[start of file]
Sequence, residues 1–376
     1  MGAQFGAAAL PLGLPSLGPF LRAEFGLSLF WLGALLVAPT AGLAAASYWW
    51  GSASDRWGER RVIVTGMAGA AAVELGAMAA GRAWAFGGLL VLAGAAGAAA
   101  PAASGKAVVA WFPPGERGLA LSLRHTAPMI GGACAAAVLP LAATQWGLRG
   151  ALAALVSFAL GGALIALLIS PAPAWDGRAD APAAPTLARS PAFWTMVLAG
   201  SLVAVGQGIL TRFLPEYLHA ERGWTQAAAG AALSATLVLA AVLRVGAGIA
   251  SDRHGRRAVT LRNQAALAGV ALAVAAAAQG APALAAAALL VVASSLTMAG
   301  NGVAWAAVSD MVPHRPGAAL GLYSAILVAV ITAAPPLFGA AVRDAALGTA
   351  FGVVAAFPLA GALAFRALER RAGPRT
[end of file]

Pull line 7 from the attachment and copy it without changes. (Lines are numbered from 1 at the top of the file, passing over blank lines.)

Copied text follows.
   251  SDRHGRRAVT LRNQAALAGV ALAVAAAAQG APALAAAALL VVASSLTMAG